This court cannot over emphasize the importance of encouraging the voluntary settlement of disputes. Furthermore, it necessarily follows that the potential settlement of disputes would be undermined largely, if courts did not attempt to protect parties who entered into settlements and faithfully followed the terms of those settlements. See United States v. Allegheny-Ludlum Industries, Inc., 517 F.2d 826 (5th Cir.1975) cert. denied, 425 U.S. 944, 96 S. Ct. 1684, 48 L. Ed. 2d 187 (1976). The plaintiff in this cause of action claims that his agreement to the terms of the settlement was not voluntary because he was suffering economic difficulties at the time of the negotiations. Nonetheless, the plaintiff received benefits through the execution of this agreement and had knowledge of its terms before he agreed to its terms. In fact, it is clear from the records that the parties did not consummate the agreement until ten days after the plaintiff was apprised of its terms. There are no allegations on the part of the plaintiff that the defendants misrepresented the terms of the settlement or deceived the plaintiff. Thus, this court must conclude that the plaintiff's assent to the agreement was voluntary and knowing[2] and the plaintiff is barred from objecting to its terms at this time. The claims against the defendant United States Postal Service therefore will be dismissed.

The final questions that must be addressed are raised in the defendant American Postal Workers Union's motion for summary judgment. This defendant contends that any claim that the Union breached its duty of fair representation is barred by the relevant statute of limitations. The plaintiff has failed to respond to *688 this argument and it is clear that the defendant may be credited with a correct reading of the law. The Supreme Court has recently held that the applicable state statute of limitations for an action against a union for a breach of its duty of fair representation is the state statute for vacating an arbitration award. United Postal Service v. Mitchell, 451 U.S. 56, 101 S. Ct. 1559, 67 L. Ed. 2d 732 (1981). The existence of a final arbitration award is irrelevant to the application of this rule. Wilcoxen v. Kroger Food Stores, 545 F. Supp. 1019 (2) (E.D.Mo.1982). It necessarily follows that the plaintiff's cause of action is barred by the relevant Missouri statute of limitations. Mo.Rev.Stat. § 435.120. Furthermore, it already has been established that the plaintiff has waived his claim of discrimination with respect to the terms of the settlement to which he voluntarily agreed. Therefore the claims against defendant American Postal Workers Union will be dismissed.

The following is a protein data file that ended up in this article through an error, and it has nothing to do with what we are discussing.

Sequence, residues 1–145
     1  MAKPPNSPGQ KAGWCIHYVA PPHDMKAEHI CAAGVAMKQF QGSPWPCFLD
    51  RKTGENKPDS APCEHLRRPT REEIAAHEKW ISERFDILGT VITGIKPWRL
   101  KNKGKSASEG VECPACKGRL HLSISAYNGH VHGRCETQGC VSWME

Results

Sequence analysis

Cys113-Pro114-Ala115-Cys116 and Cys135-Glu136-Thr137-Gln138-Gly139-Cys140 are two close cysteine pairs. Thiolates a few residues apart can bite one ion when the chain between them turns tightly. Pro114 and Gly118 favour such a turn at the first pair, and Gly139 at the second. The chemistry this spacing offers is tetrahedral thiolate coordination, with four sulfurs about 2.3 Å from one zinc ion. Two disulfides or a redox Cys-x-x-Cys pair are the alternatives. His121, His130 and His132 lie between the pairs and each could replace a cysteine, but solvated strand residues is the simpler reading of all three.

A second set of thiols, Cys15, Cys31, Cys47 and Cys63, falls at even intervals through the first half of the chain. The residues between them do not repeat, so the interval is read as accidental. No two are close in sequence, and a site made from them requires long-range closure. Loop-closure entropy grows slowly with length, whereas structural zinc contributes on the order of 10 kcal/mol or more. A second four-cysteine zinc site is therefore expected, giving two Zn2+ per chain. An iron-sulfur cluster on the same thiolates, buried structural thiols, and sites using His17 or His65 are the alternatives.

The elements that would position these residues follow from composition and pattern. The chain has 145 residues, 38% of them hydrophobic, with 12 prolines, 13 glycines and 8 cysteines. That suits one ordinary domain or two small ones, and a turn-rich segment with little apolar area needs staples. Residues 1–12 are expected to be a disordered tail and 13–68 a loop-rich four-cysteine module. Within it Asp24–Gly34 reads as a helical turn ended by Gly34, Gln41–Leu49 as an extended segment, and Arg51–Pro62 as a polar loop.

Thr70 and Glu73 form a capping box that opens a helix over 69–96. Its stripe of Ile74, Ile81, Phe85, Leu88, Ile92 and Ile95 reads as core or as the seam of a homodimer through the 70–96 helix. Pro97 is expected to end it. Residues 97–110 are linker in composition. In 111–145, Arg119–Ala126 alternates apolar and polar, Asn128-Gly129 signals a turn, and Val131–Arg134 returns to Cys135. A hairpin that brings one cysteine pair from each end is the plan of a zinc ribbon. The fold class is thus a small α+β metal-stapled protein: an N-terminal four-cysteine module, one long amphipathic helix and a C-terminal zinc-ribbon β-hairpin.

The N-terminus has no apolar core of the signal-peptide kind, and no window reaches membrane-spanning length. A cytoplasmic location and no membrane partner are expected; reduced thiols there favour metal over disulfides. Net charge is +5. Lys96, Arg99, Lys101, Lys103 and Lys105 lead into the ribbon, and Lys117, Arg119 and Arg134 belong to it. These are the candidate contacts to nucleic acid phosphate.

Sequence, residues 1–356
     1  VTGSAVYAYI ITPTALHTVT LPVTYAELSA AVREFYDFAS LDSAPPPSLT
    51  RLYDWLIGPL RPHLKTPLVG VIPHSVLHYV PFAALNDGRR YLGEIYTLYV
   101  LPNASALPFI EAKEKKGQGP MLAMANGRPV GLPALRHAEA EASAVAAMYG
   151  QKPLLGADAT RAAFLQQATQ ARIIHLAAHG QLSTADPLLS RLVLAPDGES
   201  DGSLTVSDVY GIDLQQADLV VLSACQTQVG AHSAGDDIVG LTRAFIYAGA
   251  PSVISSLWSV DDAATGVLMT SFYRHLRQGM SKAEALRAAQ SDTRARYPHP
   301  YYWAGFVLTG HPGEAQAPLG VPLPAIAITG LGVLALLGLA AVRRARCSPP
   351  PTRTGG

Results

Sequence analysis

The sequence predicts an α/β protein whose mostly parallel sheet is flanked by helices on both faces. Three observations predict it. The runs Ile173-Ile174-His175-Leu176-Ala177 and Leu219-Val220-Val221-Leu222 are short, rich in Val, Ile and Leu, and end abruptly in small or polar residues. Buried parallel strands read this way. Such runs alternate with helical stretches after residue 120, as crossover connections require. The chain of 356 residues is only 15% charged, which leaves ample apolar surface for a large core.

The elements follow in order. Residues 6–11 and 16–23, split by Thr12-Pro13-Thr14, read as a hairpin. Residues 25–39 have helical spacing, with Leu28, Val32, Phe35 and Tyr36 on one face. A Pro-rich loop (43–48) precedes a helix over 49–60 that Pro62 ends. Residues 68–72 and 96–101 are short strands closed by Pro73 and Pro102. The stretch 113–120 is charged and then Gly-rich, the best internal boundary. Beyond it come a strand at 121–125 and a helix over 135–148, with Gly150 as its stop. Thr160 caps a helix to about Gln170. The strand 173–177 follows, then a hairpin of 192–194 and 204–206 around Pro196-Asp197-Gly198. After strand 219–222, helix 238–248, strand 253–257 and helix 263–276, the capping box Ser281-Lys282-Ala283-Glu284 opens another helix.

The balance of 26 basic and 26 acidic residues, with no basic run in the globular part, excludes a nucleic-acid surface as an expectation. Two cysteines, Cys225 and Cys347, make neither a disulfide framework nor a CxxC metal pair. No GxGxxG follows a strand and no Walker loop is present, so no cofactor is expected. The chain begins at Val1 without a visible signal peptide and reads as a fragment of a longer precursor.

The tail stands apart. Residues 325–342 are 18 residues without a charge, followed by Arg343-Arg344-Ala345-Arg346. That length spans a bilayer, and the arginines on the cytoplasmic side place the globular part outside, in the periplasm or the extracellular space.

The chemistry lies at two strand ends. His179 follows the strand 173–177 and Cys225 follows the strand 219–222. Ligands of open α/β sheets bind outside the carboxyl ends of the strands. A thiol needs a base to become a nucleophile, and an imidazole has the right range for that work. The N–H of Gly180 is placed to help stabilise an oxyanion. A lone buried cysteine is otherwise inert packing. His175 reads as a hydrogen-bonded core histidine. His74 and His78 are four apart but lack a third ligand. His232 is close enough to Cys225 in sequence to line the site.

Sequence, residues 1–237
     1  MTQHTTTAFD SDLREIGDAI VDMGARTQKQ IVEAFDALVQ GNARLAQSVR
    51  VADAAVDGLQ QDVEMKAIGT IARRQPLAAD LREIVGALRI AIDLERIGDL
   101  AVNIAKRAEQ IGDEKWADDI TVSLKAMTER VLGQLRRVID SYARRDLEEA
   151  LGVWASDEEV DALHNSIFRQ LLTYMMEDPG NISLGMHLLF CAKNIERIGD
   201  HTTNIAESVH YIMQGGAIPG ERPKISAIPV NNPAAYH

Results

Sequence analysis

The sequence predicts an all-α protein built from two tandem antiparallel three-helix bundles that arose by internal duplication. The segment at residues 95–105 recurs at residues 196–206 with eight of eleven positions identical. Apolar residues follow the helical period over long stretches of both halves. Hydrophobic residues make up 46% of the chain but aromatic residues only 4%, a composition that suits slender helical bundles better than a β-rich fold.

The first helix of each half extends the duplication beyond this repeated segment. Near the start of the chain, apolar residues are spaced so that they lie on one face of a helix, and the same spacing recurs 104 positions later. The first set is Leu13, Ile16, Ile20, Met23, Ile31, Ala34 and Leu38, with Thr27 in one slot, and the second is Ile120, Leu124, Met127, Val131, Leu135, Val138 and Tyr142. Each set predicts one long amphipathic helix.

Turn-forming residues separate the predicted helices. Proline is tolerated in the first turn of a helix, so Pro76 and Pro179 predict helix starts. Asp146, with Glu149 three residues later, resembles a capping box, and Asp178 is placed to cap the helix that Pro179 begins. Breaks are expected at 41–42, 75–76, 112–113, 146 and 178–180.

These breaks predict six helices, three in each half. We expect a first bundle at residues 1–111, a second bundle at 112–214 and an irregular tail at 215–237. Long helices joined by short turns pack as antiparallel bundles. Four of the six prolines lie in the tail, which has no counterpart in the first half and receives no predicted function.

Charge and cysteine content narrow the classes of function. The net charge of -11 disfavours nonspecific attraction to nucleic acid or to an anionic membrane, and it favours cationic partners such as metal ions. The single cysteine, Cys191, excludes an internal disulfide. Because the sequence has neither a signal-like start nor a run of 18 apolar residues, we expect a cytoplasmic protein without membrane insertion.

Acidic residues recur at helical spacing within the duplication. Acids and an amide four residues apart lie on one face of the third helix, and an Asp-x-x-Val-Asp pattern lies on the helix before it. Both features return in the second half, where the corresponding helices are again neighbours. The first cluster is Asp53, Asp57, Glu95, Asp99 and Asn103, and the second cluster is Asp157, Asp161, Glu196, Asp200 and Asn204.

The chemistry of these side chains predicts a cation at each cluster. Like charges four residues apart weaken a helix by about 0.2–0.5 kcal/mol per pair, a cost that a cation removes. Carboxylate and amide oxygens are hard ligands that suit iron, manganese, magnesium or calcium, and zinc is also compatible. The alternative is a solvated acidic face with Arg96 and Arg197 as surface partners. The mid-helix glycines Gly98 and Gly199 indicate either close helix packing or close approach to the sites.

Accordingly, the motions of the defendants for summary judgment will be granted and this action will be dismissed.

NOTES

[1] The defendant contends that the plaintiff's claim of discrimination based upon his failure to receive back pay must be dismissed for two reasons: first, the plaintiff failed to make a prima facie case of discrimination regarding his reinstatement; second, the plaintiff is barred from asserting his objections to the terms of the agreement because he entered into the settlement agreement voluntarily and knowingly. It is unnecessary to reach the former issue because this court believes that the plaintiff knowingly consented to the terms of the settlement and therefore is barred from objecting to the agreement through the initiation of this suit.

[2] In Alexander v. Gardner-Denver Co., the Supreme Court stated that the effectiveness of a waiver of a cause of action under Title VII was dependent upon whether the employee's consent to the settlement was "voluntary and knowing." 415 U.S. at 52 n. 15, 94 S. Ct. at 1021 n. 15. The analysis used by the Supreme Court to determine whether there has been an effective waiver of a constitutional right may be a helpful analogy for the purpose of determining the validity of the plaintiff's waiver. In Johnson v. Zerbst, the Supreme Court held that "[a] waiver is ordinarily an intentional relinquishment or abandonment of a known right or privilege. The determination of whether there has been an intelligent waiver ... must depend, in each case, upon the particular facts and circumstances surrounding that case ..." 304 U.S. 458, 464, 58 S. Ct. 1019, 1023, 82 L. Ed. 1461 (1937). Applying this standard to the facts of the present case, it seems clear that the plaintiff's waiver is valid. The plaintiff had knowledge of the terms of the settlement agreement prior to its execution. He had a number of days to consider its terms and implications. The plaintiff resumed his employment with the defendant United States Postal Service and accepted compensation for his services. The plaintiff does not claim that he was unaware of the terms of the agreement or that he was deceived by the defendant. Therefore it must be assumed that his assent was voluntary.